— Capping off a long day of debate Thursday, senators voted to sell the two planes owned by the state. South Carolina has owned the planes for decades, but it appears the bad headlines they’ve garnered in recent years finally led legislators to get rid of them entirely. Senators voted 26-14 to include language in the budget to sell the planes.
— It was a dispute over Gov. Nikki Haley’s use of the planes that appears to have been the final straw. Democrats on Thursday focused on the governor’s videographer Zach Pippin, who frequently flies with Haley to film her press conferences and speeches. The problem is that he’s not a state employee; he’s paid by her campaign. The Governor’s Office insists Pippin is conducting state business and is legally allowed to go on the flights, even producing an email from a State Ethics Commission attorney to back up their case.
— The state Department of Public Safety on Thursday released the dashboard camera video of Rep. Ted Vick’s (D-Chesterfield) arrest on Tuesday night. An officer says he stopped Vick in the Statehouse parking garage after watching him stumble across the Statehouse grounds, then hit a traffic cone with his car. In the video, Vick can be seen struggling to avoid being handcuffed. He also repeatedly tells the arresting officer that he is “not intoxicated.”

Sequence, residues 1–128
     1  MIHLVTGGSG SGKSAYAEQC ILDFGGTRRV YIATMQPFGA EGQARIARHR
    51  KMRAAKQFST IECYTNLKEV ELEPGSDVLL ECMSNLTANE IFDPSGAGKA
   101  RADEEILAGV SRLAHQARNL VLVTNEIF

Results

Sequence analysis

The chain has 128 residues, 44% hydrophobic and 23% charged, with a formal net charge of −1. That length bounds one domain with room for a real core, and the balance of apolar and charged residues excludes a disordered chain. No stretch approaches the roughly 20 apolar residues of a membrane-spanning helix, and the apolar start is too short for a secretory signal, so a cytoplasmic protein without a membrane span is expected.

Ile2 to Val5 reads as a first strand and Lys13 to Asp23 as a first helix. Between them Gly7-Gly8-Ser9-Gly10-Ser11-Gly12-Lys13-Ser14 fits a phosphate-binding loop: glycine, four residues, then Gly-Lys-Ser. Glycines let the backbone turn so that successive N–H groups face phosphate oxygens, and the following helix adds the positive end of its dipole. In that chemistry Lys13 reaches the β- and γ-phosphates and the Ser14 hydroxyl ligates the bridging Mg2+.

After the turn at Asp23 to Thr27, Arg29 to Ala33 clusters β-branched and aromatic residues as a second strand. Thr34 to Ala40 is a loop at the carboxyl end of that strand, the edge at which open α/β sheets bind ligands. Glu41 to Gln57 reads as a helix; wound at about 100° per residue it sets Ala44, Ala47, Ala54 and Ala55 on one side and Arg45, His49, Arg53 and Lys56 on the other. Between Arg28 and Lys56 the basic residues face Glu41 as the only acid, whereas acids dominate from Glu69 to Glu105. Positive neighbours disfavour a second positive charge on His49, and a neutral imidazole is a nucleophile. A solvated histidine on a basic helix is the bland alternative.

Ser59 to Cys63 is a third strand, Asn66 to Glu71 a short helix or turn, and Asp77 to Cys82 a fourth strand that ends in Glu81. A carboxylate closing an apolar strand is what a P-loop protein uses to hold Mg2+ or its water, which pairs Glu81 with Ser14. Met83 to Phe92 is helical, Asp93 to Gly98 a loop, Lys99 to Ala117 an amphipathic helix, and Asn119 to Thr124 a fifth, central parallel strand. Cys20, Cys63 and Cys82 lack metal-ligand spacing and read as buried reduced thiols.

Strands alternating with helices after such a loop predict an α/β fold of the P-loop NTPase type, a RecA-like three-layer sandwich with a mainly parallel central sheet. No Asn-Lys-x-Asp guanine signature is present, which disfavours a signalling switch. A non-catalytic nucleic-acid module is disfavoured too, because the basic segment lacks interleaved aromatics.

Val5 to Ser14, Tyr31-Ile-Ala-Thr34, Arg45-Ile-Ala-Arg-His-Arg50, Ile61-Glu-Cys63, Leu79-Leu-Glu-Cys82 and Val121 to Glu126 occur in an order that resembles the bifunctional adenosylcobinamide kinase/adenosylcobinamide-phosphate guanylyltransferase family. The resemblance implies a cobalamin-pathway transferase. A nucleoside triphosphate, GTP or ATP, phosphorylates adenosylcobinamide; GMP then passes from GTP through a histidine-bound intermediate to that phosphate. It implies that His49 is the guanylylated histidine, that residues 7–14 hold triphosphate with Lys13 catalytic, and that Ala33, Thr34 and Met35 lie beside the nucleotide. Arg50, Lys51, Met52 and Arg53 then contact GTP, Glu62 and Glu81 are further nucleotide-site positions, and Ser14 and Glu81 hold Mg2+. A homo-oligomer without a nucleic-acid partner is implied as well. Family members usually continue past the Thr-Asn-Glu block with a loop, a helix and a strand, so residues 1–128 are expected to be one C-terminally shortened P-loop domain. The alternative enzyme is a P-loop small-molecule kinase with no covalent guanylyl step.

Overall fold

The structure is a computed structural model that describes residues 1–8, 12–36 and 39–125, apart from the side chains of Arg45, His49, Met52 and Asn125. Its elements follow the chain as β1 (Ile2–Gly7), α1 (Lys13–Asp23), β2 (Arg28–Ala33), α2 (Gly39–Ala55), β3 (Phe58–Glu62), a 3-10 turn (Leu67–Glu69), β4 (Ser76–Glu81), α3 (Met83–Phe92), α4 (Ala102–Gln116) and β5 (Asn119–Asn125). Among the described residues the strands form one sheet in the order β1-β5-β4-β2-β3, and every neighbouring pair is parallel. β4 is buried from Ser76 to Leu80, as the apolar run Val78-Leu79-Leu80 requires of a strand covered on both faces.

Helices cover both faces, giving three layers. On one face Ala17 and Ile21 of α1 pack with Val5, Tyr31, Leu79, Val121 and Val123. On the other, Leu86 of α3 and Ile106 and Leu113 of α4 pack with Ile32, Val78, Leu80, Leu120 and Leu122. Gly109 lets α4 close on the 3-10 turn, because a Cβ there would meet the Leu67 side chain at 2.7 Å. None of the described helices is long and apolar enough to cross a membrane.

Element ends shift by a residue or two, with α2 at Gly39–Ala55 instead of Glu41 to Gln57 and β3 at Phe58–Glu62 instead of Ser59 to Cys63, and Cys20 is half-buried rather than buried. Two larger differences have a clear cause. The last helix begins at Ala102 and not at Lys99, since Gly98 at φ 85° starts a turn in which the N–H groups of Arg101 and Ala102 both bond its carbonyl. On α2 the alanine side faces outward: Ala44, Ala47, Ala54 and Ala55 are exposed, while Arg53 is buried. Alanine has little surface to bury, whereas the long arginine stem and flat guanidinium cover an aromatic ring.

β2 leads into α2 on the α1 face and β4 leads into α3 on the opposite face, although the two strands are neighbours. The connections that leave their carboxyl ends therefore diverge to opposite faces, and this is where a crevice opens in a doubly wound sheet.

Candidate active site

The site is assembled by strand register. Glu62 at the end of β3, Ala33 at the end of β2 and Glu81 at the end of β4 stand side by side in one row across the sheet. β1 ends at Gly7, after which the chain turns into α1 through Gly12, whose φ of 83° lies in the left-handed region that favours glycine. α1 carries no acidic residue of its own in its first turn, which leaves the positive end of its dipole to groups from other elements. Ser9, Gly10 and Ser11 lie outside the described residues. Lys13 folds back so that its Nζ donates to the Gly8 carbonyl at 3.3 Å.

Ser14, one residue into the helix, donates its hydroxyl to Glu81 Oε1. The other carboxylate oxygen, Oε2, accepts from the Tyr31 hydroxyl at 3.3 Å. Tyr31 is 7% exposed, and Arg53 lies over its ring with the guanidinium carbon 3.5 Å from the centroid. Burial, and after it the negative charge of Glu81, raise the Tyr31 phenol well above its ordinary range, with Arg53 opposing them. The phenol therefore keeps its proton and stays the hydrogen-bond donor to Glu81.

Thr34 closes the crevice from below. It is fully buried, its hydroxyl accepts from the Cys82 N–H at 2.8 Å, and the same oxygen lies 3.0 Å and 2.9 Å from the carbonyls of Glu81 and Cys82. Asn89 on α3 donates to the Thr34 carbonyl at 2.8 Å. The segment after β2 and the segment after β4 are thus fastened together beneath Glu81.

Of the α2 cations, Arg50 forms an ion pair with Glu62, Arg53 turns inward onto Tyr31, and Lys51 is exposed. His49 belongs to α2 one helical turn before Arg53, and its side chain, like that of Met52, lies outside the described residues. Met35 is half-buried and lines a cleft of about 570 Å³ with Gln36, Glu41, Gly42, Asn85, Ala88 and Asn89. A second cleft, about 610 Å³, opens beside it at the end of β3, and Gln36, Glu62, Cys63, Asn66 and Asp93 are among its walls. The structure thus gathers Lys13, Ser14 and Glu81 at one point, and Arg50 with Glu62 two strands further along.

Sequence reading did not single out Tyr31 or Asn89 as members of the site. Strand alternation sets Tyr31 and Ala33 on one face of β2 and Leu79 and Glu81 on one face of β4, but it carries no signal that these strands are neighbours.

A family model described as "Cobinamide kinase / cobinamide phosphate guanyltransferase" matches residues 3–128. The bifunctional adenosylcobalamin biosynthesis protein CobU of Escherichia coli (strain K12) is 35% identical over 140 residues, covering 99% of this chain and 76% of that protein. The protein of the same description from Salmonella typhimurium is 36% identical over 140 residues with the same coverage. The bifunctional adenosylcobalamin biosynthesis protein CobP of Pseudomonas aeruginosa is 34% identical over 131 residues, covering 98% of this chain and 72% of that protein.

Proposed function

— As the House Ways & Means Committee prepares to take up a cyber-security reform bill, a consultant is warning them not to do too much at once. Michael Wyatt of Deloitte & Touce, LLP., was hired to help recommend changes in South Carolina’s antiquated computer network after the Department of Revenue hacking. On Thursday, he told committee members that he felt they were wrong to centralize all aspects of information security into a single office.
— When senators come back for a second week of budget debate next Tuesday, they will likely take up a controversial school-choice proposal. The issue of giving tax deductions for parents whose children attend private school has been fought in the public sphere for years now. But supporters feel they are very close to winning support in the Senate for the first time. Opponents prevented it from coming up to a vote Thursday, knowing three critical “no” votes were not in Columbia at the time.
— Lt. Gov. Glenn McConnell joined with Honda to kick off a new effort to fight hunger among seniors in South Carolina. The Sustain Our Seniors effort launched after a brief Statehouse ceremony Thursday. Honda donated two minivans for senior centers to use, while Leadership South Carolina presented over $100,000 in donations. South Carolina has the second-highest level of senior hunger in the nation.